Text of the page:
History Writes Itself Onto Toronto With These Ten Best Historic Sites

Less than a decade ago, we didn't have apps, Facebook was only for Harvard students and yoga was for hippies. These things have unarguably changed. If you read this article in ten years, it will be different again. Maybe print will come back in style. 

There are no promises for the future, which makes it all the more interesting to look back in time. Going back twenty years, things feel even more removed from our present day situation. Try going back fifty years or even hundreds. We could focus on all of the things that are different, but there is also a sameness through generations. People want safety, they want community and they want to eat well.

Toronto has a sweeping history that, like any city, is filled with drama and negotiation and hardship. It is one thing to read a history book and quite another to see history. Whether you are from Toronto or just visiting, a visit to one of these places will give you a taste of a newer Toronto in an older time. From the first year-round farmer's market and city hall to a castle that was a 3.5 million gift from a military officer to his wife, Toronto has some juicy stories to tell. Pull up a chair and listen.

This living-history village recreates the 1860s with more than 30 restored buildings and such craftsmen as tinsmiths, blacksmiths, millers, clock-makers, and weavers selling their wares. Visitors will also find demonstrations of spinning, hearth...  Read More


Toronto has its roots in this historic site, built in 1793 by the British to defend Upper Canada against possible attack by America. Fort York's military capabilities became even more important after Lieutenant Governor John Graves Simcoe moved...  Read More

Founded in 1827, this public institution has consistently been viewed as one of Toronto's strongest Universities. In addition to the University of Toronto's place as a leader in post-secondary education, the sprawling downtown campus is a...  Read More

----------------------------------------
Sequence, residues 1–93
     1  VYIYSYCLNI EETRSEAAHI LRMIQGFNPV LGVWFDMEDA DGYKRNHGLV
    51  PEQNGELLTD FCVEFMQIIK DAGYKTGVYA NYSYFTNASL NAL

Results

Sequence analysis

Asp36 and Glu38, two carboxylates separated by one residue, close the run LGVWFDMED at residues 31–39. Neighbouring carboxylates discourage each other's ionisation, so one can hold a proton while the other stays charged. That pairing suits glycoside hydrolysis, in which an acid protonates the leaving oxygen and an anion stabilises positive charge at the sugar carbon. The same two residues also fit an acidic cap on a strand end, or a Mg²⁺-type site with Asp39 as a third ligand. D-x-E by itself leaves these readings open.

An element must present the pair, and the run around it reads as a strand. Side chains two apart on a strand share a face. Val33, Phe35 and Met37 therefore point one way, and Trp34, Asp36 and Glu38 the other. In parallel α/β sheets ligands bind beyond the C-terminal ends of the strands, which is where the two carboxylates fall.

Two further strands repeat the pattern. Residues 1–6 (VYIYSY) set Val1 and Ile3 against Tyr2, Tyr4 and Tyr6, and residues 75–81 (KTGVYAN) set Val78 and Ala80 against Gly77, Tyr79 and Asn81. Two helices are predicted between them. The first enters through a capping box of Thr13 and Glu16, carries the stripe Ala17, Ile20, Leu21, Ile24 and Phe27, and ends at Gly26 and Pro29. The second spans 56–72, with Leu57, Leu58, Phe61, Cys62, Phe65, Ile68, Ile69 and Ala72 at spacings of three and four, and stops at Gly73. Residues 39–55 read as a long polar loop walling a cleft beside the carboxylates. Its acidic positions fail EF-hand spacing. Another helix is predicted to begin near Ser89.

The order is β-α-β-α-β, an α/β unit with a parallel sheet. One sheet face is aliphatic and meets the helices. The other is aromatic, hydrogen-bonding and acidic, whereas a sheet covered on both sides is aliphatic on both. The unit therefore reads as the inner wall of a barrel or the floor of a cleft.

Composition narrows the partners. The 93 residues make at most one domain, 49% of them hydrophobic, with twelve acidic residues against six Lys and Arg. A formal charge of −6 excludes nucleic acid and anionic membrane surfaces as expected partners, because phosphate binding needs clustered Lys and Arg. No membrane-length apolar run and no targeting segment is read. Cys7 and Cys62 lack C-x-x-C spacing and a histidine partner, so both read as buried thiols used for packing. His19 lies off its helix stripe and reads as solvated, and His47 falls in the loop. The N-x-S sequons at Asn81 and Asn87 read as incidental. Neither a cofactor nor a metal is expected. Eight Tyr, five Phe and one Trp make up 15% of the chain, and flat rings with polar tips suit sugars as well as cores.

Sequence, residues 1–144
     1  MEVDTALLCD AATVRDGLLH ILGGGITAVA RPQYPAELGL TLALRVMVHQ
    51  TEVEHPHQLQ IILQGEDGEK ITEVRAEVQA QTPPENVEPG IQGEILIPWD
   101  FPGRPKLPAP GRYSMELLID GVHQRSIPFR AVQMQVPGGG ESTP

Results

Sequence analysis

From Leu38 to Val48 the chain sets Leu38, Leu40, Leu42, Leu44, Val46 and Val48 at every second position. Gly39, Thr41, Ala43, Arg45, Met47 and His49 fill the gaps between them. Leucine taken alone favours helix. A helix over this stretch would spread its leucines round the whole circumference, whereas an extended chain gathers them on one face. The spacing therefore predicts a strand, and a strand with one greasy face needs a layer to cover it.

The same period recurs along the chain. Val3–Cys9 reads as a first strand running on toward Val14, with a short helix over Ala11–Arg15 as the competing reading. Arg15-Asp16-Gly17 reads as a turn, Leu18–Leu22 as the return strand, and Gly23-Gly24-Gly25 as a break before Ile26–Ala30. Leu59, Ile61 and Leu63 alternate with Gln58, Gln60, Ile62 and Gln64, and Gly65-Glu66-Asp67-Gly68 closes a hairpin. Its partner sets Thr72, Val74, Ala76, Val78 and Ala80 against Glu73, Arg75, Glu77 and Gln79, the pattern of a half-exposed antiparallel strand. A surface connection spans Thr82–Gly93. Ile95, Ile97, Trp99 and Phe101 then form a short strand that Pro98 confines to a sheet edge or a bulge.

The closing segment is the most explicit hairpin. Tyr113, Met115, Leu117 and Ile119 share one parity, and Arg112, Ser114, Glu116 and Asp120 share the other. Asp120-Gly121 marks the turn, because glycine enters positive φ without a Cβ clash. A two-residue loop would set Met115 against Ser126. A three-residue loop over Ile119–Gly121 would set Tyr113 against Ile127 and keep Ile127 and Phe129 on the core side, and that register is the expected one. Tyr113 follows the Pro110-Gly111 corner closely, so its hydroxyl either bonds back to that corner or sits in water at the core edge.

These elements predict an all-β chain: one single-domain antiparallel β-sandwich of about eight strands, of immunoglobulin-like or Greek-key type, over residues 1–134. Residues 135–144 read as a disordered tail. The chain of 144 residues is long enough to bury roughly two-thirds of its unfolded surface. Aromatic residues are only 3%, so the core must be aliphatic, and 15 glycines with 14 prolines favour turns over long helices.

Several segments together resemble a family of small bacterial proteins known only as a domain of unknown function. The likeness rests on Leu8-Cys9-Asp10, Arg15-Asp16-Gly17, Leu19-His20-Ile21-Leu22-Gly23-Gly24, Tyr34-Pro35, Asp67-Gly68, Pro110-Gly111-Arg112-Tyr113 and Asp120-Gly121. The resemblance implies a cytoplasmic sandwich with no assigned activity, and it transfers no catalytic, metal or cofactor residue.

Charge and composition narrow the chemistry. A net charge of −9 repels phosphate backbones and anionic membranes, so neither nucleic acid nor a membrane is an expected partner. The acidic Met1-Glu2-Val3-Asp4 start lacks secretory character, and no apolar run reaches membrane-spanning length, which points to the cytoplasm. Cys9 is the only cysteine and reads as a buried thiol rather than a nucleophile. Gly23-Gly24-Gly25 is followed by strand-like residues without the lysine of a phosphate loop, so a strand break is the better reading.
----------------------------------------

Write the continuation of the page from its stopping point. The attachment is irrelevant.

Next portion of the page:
While the Ontario Legislative Assembly building is commonly known as Queen's Park, the name actually refers to the grassy public space that surrounds the provincial parliament. Throughout the warmer months, Queen's Park is one of the city's most...  Read More

Spadina House is an upper-class historic home, built by businessman James Austin in 1866. An ideal place to visit in the summer, the six-acre grounds have Victorian and Edwardian gardens. From chestnut trees to forget-me-nots, it is an...  Read More

You don't have to be Anglican to appreciate this church. St. James Cathedral was originally erected in wood and was used during the War of 1812 as a hospital. It was rebuilt in stone in 1833 but burned down by 1839 and after being rebuilt again,...  Read More


This stately castle has been dubbed "a rich man's folly." Built in 1917 by Sir Henry Pellat (a financier and military officer) for the exorbitant price of $3.5 million, the home was a gift to his wife. Within ten years, it was valued at only...  Read More

Toronto's Distillery Historic District began in 1859 as the site of the Gooderham and Worts whiskey distillery. 100 years later, the distillery was producing nearly half of the total volume of spirits in the province of Ontario, making it one of...  Read More

This narrow downtown structure was the first example of a flatiron-style building in North America, and is referred to locally as simply "the flatiron building." It was built in 1891 by the Gooderham family as offices for its distillery...  Read More

Learning about history can make one hungry, so why not kill two birds with one stone? St. Lawrence Market has been marked as the world's best food market, according to National Geographic. Even if you don't subscribe, you will certainly rank The...  Read More


Meet Courtney Sunday

Courtney Sunday has lived in England, Switzerland, Canada and the US, finding her way into the professions of freelance writing and yoga teaching in between travel opportunities. She learned...  More About Courtney

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